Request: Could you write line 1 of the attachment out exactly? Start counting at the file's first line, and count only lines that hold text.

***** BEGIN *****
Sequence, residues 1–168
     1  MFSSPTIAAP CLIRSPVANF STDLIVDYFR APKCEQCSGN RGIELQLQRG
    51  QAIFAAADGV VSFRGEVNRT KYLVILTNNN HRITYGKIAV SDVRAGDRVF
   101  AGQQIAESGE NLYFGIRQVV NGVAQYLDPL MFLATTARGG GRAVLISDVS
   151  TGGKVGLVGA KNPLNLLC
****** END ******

Sequence, residues 1–168